On August 2, 2012 the Defendants filed a motion to dismiss this case on grounds of forum non conveniens because the complaint mirrored the one the Plaintiffs filed in the Louisiana Action. The Plaintiffs opposed the Defendants’ motion on the basis that the Louisiana Action might be time-barred. The Plaintiffs were correct. On September 17, 2012 the Louisiana district court dismissed the Louisiana Action with prejudice under the Louisiana prescription statute.12 While the motion to dismiss was still pending in Superior Court, the Fifth Circuit affirmed the Louisiana district court's dismissal of the Plaintiffs’ Louisiana Action.13

The Superior Court's dismissal of this

245 A.3d 931

case came on November 8, 2013.14 Relying upon this Court's decisions in McWane v. McDowell15 and Lisa v. Mayorga ,16 the court concluded that dismissal on forum non conveniens grounds was justified because "Plaintiffs' Louisiana Action was filed prior to the Delaware Action. The Louisiana Action was filed in Louisiana District Court, which is a court capable of prompt and complete justice. The two cases not only arise from the same nucleus of facts, but they have identical parties and allegations."17 The Superior Court rejected the Plaintiffs’ contention that McWane and Lisa did not apply because the Louisiana Action was no longer pending. The Plaintiffs appealed, and on October 20, 2014 this Court affirmed the Superior Court's judgment of dismissal "on the basis of and for the reasons assigned by the Superior Court."18

B.

On December 28, 2018 Plaintiffs filed a Rule 60(b)(6) motion to vacate the Dismissal Order. Plaintiffs argued that

Three groundbreaking rulings in Delaware—one by the Delaware Supreme Court and two by the Third Circuit Court of Appeals—reviewing decisions by the District Court of Delaware in similarly situated cases, have operated to make this Court's November 2013 [Dismissal] Order inconsistent with those rulings. In the interest of justice, the Court should vacate the judgment to provide Plaintiffs with the same opportunity for a trial on the merits as their similarly situated counterparts whose cases are pending in Delaware federal court.19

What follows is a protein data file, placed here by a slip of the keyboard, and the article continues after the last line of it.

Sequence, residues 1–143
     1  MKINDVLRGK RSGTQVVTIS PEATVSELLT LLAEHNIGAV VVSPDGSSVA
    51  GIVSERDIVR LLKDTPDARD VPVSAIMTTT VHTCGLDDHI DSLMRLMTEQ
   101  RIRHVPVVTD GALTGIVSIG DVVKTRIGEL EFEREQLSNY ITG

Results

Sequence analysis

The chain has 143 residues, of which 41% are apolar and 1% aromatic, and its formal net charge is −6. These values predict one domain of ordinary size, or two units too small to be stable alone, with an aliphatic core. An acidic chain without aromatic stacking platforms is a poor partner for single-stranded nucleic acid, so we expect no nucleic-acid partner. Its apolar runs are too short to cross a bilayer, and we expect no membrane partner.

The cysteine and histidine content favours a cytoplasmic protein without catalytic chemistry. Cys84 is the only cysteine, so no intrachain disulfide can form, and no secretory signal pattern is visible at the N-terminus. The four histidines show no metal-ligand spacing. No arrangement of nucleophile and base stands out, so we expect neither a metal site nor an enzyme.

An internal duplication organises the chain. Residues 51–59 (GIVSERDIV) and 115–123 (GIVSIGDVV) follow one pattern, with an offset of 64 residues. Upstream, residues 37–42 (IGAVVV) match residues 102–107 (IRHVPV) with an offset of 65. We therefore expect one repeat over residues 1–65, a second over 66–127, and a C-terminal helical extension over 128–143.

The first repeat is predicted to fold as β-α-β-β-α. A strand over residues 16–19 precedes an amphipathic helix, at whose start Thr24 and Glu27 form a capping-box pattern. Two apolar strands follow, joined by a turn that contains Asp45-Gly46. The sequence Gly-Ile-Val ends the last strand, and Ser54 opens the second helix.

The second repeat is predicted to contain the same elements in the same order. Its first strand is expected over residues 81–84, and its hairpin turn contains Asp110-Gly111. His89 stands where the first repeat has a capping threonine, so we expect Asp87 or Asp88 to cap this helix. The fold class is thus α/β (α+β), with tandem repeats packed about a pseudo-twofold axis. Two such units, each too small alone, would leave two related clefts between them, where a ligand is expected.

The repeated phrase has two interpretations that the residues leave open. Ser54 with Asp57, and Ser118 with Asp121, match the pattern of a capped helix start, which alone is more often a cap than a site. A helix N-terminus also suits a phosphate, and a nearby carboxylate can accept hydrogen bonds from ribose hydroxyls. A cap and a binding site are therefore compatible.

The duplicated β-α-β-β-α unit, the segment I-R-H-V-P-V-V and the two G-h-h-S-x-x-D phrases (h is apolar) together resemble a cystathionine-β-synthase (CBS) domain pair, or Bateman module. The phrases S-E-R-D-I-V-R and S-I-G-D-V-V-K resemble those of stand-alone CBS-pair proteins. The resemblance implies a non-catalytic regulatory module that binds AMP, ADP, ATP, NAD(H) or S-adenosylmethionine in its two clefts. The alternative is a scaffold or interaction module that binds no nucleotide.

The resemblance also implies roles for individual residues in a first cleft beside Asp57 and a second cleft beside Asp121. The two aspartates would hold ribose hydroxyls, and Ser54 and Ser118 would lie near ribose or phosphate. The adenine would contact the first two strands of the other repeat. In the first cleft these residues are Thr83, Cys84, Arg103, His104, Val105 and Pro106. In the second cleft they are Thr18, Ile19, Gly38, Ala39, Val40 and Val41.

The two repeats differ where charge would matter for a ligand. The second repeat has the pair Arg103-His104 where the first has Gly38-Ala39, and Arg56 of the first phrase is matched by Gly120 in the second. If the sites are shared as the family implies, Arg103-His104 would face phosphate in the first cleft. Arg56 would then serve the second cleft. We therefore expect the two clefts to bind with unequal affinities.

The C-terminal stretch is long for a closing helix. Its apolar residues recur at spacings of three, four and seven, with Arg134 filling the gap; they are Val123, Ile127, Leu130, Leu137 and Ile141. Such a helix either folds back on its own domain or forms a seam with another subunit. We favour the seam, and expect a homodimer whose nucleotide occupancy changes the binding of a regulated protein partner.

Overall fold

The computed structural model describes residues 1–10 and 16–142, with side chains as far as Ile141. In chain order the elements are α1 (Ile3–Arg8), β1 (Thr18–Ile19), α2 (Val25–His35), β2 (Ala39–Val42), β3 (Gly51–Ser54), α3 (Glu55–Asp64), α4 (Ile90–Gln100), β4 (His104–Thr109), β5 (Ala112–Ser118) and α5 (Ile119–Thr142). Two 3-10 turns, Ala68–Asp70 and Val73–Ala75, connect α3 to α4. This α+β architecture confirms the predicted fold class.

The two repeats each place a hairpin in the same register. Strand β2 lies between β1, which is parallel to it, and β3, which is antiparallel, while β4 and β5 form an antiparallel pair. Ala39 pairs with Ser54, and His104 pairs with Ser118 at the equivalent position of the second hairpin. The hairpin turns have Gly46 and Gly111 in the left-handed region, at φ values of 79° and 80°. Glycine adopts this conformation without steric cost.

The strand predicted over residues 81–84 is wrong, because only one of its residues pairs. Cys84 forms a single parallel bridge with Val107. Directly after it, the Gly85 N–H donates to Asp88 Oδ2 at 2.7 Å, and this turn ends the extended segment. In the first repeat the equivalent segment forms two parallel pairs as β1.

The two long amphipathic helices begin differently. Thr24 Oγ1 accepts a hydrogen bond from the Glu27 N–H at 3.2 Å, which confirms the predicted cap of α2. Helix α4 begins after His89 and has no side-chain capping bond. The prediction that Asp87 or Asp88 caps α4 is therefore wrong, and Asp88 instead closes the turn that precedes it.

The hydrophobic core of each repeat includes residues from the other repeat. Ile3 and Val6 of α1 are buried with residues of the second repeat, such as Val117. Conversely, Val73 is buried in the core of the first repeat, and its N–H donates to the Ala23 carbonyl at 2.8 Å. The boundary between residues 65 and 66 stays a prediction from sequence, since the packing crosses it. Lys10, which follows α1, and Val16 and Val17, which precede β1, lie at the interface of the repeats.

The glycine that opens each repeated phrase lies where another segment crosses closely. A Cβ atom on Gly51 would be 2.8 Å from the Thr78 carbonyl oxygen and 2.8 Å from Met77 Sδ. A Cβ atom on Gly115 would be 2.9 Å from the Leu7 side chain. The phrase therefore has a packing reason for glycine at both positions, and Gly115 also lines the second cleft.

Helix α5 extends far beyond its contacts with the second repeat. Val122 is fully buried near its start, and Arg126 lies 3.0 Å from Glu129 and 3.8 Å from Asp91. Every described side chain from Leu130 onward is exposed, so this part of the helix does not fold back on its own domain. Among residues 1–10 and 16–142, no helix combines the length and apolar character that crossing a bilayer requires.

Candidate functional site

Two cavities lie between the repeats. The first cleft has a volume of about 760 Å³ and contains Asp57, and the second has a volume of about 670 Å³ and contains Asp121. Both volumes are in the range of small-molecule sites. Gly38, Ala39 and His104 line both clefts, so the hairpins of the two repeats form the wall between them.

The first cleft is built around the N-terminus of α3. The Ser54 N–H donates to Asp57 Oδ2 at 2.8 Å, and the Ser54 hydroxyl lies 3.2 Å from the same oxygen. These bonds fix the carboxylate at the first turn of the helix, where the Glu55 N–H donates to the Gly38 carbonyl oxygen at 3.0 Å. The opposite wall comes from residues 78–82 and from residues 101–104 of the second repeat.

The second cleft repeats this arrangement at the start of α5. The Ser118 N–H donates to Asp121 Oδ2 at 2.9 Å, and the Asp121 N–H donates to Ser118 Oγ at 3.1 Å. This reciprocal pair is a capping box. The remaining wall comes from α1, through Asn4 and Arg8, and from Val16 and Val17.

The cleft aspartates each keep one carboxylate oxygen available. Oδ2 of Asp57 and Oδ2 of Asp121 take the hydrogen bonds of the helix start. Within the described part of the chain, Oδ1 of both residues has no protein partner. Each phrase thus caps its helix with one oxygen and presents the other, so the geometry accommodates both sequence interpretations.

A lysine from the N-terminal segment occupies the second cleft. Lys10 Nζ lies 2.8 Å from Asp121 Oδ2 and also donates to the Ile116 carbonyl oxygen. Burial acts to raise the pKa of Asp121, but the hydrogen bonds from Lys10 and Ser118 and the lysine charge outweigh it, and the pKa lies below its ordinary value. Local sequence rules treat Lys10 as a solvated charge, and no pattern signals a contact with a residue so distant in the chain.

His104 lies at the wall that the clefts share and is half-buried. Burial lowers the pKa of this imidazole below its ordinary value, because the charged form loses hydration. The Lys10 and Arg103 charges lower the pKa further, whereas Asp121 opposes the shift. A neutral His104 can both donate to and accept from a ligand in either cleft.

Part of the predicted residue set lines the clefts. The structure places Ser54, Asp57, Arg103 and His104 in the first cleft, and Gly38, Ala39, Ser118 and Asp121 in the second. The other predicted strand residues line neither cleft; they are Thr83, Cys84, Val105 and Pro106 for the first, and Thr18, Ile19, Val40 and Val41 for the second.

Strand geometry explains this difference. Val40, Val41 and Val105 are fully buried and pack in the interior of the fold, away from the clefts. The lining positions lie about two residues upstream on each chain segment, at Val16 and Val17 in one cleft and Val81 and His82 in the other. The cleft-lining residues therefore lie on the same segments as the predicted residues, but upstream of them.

The three decisions referred to involve the above-mentioned Marquinez and Chavez cases.

In Chavez , the district court dismissed the plaintiffs’ claims under the federal first-filed rule.20 The district court explained "[t]he first-filed rule is that when two federal district courts have the same case, the court which has the first case is the one that should decide the case."21 The district court concluded that because the plaintiffs had filed the Louisiana Action first, the Delaware case should be dismissed with prejudice.

Initially, a Third Circuit panel affirmed the district court's decision in a split ruling.22 A rehearing en banc was granted, and the Third Circuit reversed the district

245 A.3d 932

court's dismissal.23 It described the question whether the district court's dismissal with prejudice was an abuse of discretion as a question of first impression in that circuit. It concluded "that, in the vast majority of cases, a court exercising its discretion under the first-filed rule should stay or transfer a second-filed suit ... [and] [a] dismissal with prejudice will almost always be an abuse of discretion."24 That Third Circuit decision is the first of the three Delaware decisions the Plaintiffs refer to in their motion.

In the Marquinez case, the district court issued two orders. The first order dismissed fourteen plaintiffs’ claims under the federal first-filed rule based on their identical claims in the Louisiana Action.25 In the second order, the court decided that tolling of the statute of limitations on the plaintiffs’ claims, which began when the Texas class action was filed in 1993, ended, and the statute resumed running in 1995 when the Texas Federal Action was dismissed on grounds of forum non conveniens .26 The court then granted the defendants’ motion...

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1 practice notes
  • Meso Scale Diagnostics, LLC. v. Roche Diagnostics GMBH, No. 200, 2020
    • United States
    • United States State Supreme Court of Delaware
    • February 8, 2021
    ...28, 2019.120 MCA, Inc. v. Matsushita Elec. Indus. Co., Ltd. , 785 A.2d 625, 634 (Del. 2001) ; see also Chaverri v. Dole Food Co. , 245 A.3d 927, 935 (Del. 2021) ("Superior Court Rule 60 controls motions to vacate a judgment.").121 Del. Ct. Ch. R. 60(b)(6).122 Jewell v. Div. of Soc. Servs. ,......
1 cases
  • Meso Scale Diagnostics, LLC. v. Roche Diagnostics GMBH, No. 200, 2020
    • United States
    • United States State Supreme Court of Delaware
    • February 8, 2021
    ...28, 2019.120 MCA, Inc. v. Matsushita Elec. Indus. Co., Ltd. , 785 A.2d 625, 634 (Del. 2001) ; see also Chaverri v. Dole Food Co. , 245 A.3d 927, 935 (Del. 2021) ("Superior Court Rule 60 controls motions to vacate a judgment.").121 Del. Ct. Ch. R. 60(b)(6).122 Jewell v. Div. of Soc. Servs. ,......